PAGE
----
Seeing that there's no self shows how wonderful life really is. An infinite permutation of past conditions continually coming to fruition in this moment; including thoughts of course. Fundamentally it's a totally wonderful mystery. However, it's certainly not some kind of robotic automated existence, and nor is it random. Totally random just couldn't and wouldn't work or make any kind of sense.

I hope this helps Roger, and look forward to your answers.

Pete x
'Just consciousness taking the shape of experience from moment to moment.
Just this'

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Roger.M
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Re: I'm also looking for a guide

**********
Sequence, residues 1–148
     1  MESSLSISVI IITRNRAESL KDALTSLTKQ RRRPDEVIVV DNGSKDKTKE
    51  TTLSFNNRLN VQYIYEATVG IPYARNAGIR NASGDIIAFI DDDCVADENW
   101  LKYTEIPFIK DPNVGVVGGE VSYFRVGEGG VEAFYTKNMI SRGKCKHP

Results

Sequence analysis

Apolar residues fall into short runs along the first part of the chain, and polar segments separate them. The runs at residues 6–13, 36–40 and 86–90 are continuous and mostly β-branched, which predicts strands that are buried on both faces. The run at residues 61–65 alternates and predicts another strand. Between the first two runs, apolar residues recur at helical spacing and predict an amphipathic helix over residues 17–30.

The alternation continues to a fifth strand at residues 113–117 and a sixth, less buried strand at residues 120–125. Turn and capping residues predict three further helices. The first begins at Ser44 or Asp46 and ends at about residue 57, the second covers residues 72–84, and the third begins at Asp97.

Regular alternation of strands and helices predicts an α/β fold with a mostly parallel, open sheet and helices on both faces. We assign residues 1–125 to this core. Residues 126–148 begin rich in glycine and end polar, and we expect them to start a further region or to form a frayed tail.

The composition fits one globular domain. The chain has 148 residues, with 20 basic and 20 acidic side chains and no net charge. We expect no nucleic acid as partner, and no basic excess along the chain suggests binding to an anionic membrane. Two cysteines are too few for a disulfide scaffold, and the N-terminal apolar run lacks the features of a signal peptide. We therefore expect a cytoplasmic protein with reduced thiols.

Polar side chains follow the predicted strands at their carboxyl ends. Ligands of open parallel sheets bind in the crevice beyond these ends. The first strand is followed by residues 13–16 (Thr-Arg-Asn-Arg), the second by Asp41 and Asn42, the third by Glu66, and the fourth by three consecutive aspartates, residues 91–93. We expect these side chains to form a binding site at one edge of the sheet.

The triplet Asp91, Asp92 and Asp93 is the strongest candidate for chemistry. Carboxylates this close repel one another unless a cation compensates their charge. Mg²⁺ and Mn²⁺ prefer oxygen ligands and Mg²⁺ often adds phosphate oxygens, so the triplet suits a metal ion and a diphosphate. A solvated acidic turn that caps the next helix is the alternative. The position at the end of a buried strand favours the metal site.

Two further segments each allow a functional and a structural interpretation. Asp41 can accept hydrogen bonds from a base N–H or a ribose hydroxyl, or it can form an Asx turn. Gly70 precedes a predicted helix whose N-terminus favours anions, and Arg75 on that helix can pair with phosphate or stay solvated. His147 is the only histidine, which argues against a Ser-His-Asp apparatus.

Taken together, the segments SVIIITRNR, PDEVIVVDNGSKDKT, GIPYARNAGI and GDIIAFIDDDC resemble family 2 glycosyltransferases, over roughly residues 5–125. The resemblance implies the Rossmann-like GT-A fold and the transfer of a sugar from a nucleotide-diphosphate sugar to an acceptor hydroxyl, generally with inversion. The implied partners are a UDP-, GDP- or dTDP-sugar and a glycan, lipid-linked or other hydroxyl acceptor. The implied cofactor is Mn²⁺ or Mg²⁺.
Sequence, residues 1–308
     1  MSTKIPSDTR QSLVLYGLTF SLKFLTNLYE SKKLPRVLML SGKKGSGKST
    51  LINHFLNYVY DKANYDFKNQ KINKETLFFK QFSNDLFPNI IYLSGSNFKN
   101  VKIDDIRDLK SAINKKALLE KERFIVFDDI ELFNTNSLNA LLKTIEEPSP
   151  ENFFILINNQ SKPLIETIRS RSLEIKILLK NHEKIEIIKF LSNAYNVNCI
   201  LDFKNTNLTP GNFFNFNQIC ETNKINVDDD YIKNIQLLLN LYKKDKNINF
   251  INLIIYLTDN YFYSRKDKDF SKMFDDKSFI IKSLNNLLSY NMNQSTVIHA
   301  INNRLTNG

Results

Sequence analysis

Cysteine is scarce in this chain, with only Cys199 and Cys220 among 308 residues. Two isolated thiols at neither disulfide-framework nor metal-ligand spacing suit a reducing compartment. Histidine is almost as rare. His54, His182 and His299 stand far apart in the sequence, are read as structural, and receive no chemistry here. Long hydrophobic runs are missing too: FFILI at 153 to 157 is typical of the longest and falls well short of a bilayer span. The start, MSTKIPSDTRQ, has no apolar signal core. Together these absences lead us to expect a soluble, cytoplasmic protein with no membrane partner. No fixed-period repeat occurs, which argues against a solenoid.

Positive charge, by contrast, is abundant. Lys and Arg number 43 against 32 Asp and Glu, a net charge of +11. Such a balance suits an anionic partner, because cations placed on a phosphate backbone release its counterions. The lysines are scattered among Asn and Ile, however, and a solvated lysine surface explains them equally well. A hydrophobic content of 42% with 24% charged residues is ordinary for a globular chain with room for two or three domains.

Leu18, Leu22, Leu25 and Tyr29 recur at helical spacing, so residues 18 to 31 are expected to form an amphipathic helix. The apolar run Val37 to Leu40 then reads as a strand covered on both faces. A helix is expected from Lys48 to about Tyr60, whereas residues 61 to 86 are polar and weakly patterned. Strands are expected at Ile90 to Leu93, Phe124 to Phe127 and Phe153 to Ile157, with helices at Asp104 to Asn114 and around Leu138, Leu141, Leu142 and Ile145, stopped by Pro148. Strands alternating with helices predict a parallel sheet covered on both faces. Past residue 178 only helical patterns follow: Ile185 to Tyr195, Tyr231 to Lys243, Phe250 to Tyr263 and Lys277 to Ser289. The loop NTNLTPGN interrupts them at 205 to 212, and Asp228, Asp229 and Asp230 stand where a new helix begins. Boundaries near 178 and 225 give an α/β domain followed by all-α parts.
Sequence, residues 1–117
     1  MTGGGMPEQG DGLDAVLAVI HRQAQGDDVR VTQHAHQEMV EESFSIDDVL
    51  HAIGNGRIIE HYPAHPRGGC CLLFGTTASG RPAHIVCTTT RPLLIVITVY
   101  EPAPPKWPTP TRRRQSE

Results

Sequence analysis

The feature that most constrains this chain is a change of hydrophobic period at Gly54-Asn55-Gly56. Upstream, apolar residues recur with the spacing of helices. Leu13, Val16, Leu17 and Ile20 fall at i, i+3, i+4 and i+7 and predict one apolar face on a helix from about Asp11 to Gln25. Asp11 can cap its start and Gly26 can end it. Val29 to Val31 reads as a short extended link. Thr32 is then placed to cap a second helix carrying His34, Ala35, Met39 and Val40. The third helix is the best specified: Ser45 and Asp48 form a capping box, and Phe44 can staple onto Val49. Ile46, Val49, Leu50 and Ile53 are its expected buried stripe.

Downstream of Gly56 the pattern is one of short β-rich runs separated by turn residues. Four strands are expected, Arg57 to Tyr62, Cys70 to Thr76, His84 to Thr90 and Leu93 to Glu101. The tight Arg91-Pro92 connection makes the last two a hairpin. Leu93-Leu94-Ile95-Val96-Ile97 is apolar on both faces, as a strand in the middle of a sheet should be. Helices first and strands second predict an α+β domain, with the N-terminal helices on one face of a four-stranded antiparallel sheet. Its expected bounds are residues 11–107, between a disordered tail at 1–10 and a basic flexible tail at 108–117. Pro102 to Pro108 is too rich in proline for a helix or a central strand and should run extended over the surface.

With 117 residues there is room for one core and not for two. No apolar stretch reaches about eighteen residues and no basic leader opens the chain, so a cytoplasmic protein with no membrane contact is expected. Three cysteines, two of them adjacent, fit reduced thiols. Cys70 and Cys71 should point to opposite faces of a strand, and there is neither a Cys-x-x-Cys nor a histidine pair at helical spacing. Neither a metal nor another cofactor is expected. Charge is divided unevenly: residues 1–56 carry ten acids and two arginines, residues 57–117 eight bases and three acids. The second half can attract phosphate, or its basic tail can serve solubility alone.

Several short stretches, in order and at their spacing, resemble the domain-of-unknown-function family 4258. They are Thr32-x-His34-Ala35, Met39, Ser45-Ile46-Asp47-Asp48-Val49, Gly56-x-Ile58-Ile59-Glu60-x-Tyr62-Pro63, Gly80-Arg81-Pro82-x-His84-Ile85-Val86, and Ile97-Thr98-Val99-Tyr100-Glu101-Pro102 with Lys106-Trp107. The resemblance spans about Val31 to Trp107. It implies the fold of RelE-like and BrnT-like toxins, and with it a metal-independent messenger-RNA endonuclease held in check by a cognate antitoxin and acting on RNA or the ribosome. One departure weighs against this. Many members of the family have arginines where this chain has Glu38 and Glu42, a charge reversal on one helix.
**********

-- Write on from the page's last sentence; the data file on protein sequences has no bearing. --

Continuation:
Postby Roger.M » Fri Nov 07, 2014 2:00 pm

Hi Pete,

Thanks for your reply and it does help very much. I have read it several times. I think I may be, at least partly, getting the hang of this. The absence of an 'I' in charge does seem to accord with my direct experience in the moment. I need to surrender to the ebb and flow of life, be open to life as it is.

I don't know if you agree but is it like someone who loses the belief in an omnipotent God figure who cares for you and is in charge? - but although you have lost your belief the world carries on. In perhaps an analogous way, when you realise there is no 'I' in control of your life, it is a bit scary, but also liberating, and you realise the belief does not really help anyway, never did help, indeed it was wrong, and life carries on.

To try to answer your questions: